From: Dagenham, England
Born Keith Hopkins on December 6, 1943 in the far eastern suburbs of London, he took on the stage name Keith West at age 21 upon becoming the frontman and lead singer of the R&B band the In Crowd in 1964. The group issued three singles with the first ('That's How Strong My Love Is') becoming a minor hit in 1965, reaching the #48 spot on the British charts.
In early 1967, the In Crowd evolved into Tomorrow with West also at the helm and became one of the best acts during the hay day of the swingin' London psychedelic scene, issuing two outstanding singles and a very well put together LP. Most of their repertoire was co-written by West (credited as Hopkins) along with his writing partner Ken Burgess. At the same time, West was also developing a budding solo career, working with producer Mark Wirtz on his "A Teenage Opera" project. This effort never entirely came to fruition, but garnered a few hot selling 45s, the first being 'Excerpt From "A Teenage Opera"', which did very well, peaking at #3 on the British charts. The second single 'Sam' was also a Top 40 hit, making its way to the #38 spot.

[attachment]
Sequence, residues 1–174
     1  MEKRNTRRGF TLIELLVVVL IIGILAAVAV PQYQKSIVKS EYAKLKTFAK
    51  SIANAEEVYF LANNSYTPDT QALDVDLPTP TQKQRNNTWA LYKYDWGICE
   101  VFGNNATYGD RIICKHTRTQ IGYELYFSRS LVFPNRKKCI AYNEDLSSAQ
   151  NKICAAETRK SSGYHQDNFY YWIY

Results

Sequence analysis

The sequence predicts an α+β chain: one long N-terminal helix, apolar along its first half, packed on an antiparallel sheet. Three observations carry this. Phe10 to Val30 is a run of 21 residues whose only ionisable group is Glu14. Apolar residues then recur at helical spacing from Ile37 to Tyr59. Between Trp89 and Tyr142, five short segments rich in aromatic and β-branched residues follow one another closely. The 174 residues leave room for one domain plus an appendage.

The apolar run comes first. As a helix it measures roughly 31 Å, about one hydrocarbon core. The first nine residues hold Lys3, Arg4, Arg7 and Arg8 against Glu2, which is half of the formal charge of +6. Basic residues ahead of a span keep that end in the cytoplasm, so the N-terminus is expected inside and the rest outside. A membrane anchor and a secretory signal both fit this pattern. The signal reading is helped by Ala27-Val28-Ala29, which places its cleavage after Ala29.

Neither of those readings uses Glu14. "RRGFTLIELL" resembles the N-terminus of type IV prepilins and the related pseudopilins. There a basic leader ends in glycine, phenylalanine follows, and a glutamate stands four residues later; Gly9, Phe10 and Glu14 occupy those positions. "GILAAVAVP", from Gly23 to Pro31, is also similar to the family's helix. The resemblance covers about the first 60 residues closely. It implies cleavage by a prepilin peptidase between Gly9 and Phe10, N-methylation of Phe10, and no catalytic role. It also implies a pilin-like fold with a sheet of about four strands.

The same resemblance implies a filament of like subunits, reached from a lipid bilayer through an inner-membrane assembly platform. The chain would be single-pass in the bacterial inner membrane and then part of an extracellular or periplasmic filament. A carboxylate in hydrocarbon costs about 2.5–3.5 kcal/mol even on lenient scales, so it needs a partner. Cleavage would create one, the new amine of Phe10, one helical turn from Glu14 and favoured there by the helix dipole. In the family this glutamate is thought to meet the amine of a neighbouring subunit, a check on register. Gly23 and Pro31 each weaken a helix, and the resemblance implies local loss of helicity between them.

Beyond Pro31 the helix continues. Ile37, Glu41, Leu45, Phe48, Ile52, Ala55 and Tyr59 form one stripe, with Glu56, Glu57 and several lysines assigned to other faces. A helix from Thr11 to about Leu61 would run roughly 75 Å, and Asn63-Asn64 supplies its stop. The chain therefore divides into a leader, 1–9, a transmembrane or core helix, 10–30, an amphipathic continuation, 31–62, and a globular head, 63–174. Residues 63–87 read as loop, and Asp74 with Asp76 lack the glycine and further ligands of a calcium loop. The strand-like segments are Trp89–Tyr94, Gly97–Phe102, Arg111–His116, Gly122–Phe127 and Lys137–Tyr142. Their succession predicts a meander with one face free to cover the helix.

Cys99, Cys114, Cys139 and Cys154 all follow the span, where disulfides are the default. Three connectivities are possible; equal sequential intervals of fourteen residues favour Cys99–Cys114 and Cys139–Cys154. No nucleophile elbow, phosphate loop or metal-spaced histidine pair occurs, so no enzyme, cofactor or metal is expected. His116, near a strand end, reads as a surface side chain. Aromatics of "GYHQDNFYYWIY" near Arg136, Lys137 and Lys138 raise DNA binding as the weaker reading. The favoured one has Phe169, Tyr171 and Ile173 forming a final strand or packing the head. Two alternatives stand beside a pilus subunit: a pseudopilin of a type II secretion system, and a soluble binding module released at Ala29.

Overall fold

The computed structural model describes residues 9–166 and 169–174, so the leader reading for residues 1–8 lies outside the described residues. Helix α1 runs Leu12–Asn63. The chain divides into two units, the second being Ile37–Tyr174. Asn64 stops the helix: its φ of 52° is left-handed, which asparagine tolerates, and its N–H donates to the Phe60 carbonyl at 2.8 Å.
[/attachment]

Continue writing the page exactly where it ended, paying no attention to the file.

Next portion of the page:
In 1968 after Tomorrow had disbanded, West continued his solo career and issued the outstanding single 'On A Saturday' in the summer of that year. Another track of note that was recorded at around this time but not originally released is the excellent 'She'. By this time, West had also become quite the producer and is credited in that capacity for most of the material recorded by Steve Howe's band Bodast in 1969.
In the early 70s, West continued to release solo 45s and in 1974, an LP titled Wherever My Love Goes. By the mid 70s, West was the lead singer for a group called Moonrider. He continues to produce and record music to this day, which is now used primarily within the advertising industry.
Artist information sources include: The book, 'Tapestry of Delights Revisited' by Vernon Joynson.